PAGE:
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French FTTH plan gets European fibre on the road
[January 20, 2006]

French FTTH plan gets European fibre on the road

(Total Telecom Via Thomson Dialog NewsEdge)This week's announcement by France Telecom that it wants to build a fibre-to-the-home network in France is a shot in the arm for European fibre advocates.

But it does not mean Europe is getting all lit up.

A report from investment bank Goldman Sachs, published two days before the France Telecom news, showed how little progress has been made with fibre across the Continent.

Belgacom is apparently the most advanced. Its Broadway project is due to be completed this year. But that network completes its broadband link on very high speed DSL (VDSL) not fibre. And it is only intended to reach 50% of households in Belgium.

Dutch incumbent KPN and Swisscom are "relatively advanced", according to the report.

Among the big telcos, Telecom Italia has built fibre to the node in 63 cities, covering 26% of the population.

Spain's Telefonica has done its sums - a national fibre network would cost 4 billion euros: if that's what the company decides to do.

Deutsche Telekom's 2.2-billion-euro investment, announced last September, also stops at the kerb (or curb), from where it will use VDSL. This network will reach 3 million homes. The German incumbent said it will commit to spending 800 million euros, but it won't go further without some regulatory reassurance it doesn't have to share access with competitors.

Goldman Sachs estimates that even VDSL rollout to 40% of the population would cost 5 billion euros.

More interesting to the Goldman Sachs analysts than fibre buildout is the possible impact on telco revenues of voice-over-IP services, especially VoIP delivered by alternative service providers across broadband lines unbundled from national operators' networks.

The analysts estimate the average cost of fully unbundled lines in Europe is just 10.5 euros a month, with shared LLU at 3.6 euros a month.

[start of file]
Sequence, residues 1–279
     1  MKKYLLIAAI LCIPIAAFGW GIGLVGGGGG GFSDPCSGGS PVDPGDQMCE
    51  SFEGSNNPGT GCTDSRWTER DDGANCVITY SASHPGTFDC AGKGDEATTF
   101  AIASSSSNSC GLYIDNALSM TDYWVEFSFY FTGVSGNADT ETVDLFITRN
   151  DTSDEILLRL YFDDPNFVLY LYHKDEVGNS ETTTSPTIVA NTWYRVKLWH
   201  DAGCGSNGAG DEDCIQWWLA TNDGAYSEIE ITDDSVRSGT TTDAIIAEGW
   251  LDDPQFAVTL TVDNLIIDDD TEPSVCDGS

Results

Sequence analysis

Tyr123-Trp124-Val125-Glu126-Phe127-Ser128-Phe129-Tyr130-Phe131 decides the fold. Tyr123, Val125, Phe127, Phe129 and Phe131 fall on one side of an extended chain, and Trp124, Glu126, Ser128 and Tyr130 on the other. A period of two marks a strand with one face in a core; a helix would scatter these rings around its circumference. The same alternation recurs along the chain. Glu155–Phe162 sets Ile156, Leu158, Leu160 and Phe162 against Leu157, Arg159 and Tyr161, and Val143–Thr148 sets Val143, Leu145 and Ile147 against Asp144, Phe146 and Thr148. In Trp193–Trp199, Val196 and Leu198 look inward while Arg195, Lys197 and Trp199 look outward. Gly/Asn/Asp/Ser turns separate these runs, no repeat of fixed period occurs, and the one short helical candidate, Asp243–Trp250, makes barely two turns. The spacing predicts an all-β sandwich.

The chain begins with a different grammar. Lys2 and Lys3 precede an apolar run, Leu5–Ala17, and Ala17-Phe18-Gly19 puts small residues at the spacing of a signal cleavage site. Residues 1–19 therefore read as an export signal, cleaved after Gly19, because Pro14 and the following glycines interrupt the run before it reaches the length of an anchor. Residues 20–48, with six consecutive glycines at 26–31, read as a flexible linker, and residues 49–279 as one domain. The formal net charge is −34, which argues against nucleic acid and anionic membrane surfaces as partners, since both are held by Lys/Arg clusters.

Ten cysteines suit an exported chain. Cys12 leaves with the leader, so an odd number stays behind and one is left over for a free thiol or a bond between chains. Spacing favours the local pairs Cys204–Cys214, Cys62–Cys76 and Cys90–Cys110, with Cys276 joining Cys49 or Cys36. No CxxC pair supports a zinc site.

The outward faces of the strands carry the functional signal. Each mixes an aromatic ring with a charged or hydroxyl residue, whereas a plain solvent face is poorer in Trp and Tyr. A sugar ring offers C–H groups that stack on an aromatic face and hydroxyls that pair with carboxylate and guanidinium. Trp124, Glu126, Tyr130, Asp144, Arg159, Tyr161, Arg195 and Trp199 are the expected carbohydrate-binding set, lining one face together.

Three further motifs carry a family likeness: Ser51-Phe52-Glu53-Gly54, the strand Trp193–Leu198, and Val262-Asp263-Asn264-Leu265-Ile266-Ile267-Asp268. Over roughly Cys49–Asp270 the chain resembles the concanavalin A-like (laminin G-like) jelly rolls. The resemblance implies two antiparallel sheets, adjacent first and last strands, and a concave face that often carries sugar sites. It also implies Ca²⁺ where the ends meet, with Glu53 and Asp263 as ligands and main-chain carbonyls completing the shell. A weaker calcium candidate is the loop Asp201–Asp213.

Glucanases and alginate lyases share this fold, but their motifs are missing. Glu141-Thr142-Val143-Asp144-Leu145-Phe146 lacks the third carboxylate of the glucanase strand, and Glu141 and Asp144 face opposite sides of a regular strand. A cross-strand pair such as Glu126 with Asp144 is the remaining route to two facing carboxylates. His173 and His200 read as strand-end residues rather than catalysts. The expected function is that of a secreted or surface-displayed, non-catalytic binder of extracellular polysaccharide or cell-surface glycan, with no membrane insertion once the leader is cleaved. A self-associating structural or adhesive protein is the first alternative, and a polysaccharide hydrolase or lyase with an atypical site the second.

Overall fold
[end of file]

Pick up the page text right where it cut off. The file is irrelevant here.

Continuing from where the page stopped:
On Wednesday this week, chief executive Didier Lombard announced that France Telecom would test FTTH systems in the Paris area. The plan is to replace the copper loop with fibre, and sell more services over the new network. Like the analysts, the telco can see VoIP getting bigger.

"We're going to accelerate the transformation [of our services]," said Lombard. "The migration towards the Internet and IP was faster than we thought it would be."

If that sounds as though France Telecom is under pressure, it is. Competitors are aggressively marketing unbundled access to residential users in France, using flat-rate voice plans as one of their selling points.

"We said voice will be free," said Lombard, adding that in February the company will unveil more plans to field off competitors in the broadband market.

Lombard is not quite right. Right now, most VoIP providers launching new services are billing for them. In the U.K., retailer Tesco's telecoms division on Friday launched a consumer VoIP service offering international calls at 2 pence a minute and calls to mobile at 10 pence a minute.

But despite all the caveats, this week's news from France will cheer delegates travelling to the FTTH Council meeting in Vienna on 25th this month. But don't forget Groundhog Day

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